When it comes to culture, I consider myself to be pretty on top of things. My Google Reader is chock full of relevant blogs, my iTunes is brimming with MP3s from the newest “buzz bands” (though honestly, I most likely won’t care about most of them after the next few months), and minus a few rom-com guilty pleasures, my Netflix queue is pretty stellar. I like to think of my social life as being above par, which is saying a lot for twenty-something Brooklyn standards. It’s kind of awkward to say out loud, but in marketer terms, I might be a tastemaker, or something like that.
But alas, I did not attend SXSW this year, nor have I ever. I don’t work in the music industry (or whatever other industry that would send me there on their tab), I’m not in a band, and I guess I don’t care enough to make the effort to go there on my own. So last month, when my Twitter feed started exploding with tweets about the alt-celebrity sightings, the insanity of watching Odd Future and James Blake live, and the deliciousness of Austin’s Mexican food, I admittedly felt a twinge of jealousy. At first, hearing about the shows, parties, and ridiculousness of it all was entertaining – something I could live through vicariously. But after the first two days, and the seventy-seventh time I scrolled past yet another blog post on some awesome show where everyone was wasted on margaritas by noon, I was starting to get bummed. Or annoyed. Most likely a mixture of both.
I spent most of that same week of the middle of March sitting at home on my laptop, working from home at a mediocre job I really don’t care about, while attempting to fight the “it’s March, it should feel like spring, why does it still feel like the death of winter” blues. Meanwhile, I couldn’t escape from the epic tales of SXSW. The internet wouldn’t stop telling me how I was missing the biggest party of the year, at least for the elusive 18-34 year-old hipster demographic that I’m associated with.
The same feelings came about a few weeks later when LCD Soundsystem played their final shows. Everywhere I looked – newspapers, blogs, Twitter, Facebook – someone was talking about how amazingly epic James Murphy and the rest of his band was. There were three sets! A video of crowdsourced cloud footage! The Arcade Fire joined them on stage! Aziz Ansari was crowdsurfing! Okay guys, I get it. It was awesome, the end of an era even, and I wasn’t there. The weekend of Coachella, it happened again. Kanye West killed it. The Arcade Fire killed it. The Strokes killed it. Young adults ran free to the soundtrack of our generation, wearing revealing clothing and basking in the desert sun.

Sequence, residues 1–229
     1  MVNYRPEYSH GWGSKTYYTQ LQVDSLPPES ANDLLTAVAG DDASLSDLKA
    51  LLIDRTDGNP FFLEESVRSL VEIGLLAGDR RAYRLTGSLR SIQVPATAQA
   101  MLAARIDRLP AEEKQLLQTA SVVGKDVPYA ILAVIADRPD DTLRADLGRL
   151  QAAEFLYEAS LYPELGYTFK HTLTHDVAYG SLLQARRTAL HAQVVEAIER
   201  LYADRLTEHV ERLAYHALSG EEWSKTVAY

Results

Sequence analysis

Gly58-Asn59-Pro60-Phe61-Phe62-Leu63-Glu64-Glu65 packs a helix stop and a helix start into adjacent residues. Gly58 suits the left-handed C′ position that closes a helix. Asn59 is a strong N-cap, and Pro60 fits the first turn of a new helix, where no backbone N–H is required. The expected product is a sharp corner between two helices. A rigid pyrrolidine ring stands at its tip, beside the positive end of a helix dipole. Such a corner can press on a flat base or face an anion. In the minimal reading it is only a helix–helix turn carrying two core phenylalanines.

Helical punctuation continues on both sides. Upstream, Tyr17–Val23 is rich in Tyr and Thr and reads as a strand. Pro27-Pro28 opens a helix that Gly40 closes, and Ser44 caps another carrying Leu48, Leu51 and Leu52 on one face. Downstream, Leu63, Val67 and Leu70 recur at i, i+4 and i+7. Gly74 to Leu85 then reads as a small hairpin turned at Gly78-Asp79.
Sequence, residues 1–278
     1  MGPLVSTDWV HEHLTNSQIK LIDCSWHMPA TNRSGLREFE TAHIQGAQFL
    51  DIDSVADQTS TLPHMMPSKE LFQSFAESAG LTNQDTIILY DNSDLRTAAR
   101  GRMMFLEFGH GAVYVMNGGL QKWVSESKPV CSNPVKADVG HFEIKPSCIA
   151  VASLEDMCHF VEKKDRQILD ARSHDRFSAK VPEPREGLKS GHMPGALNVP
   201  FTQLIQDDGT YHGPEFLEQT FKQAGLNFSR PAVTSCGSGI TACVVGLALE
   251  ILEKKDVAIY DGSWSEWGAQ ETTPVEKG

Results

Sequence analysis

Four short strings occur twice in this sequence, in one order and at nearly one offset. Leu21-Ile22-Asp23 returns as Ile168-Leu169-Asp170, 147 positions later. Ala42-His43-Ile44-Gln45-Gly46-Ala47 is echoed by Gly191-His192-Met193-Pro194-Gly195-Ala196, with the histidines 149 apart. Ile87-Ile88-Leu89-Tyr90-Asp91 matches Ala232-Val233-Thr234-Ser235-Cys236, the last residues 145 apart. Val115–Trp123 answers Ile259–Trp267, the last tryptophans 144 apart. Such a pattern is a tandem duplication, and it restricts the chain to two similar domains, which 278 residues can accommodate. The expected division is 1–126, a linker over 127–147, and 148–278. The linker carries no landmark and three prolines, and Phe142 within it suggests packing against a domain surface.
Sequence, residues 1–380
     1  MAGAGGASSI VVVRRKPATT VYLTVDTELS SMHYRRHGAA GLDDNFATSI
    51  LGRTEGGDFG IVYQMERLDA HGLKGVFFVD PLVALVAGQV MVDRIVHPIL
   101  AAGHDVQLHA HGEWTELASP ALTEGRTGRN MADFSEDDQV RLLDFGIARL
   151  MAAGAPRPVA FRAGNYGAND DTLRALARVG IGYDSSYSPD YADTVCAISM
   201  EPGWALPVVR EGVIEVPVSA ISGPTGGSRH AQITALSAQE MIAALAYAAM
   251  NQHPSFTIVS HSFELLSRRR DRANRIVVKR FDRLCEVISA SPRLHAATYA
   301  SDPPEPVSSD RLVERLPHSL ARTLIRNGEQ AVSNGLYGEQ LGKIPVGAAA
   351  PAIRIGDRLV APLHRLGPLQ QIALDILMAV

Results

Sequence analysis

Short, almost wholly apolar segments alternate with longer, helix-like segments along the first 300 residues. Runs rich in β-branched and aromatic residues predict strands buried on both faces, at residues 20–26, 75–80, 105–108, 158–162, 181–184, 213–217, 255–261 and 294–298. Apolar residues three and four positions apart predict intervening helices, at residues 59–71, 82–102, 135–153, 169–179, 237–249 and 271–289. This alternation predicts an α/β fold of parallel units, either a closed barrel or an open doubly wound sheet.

A recent New York Times article explored this phenomenon, awkwardly titling it “FOMO” or “fear of missing out.” I honestly want nothing to do with the term “FOMO,” but there’s no denying that it’s a thing that exists – a new form of anxiety brought on by the ever-communicative Internet.
I can rationalize to myself that the Internet tends to make things sound more important than they really are – but I’d be lying if I said that I’ve never worried about the fact that missing out on major events such as these might mean that I’m missing out on defining points of my generation’s culture. Am I not living my youth to its fullest? After all, I’m only in my twenties – shouldn’t I be spending my last few drops of youth on the most excitement possible?
I can tell myself all I want that SXSW sounds exhausting, that LCD Soundsystem was better when I saw them 5 years ago, or that Coachella was full of fake L.A. girls costumed as hipsters for the day. I can also tell myself that a lot of these events were blown-up through online hype. But the fact of the matter is, I know I’d have an awesome time at all of these things, and it sucks that I wasn’t there.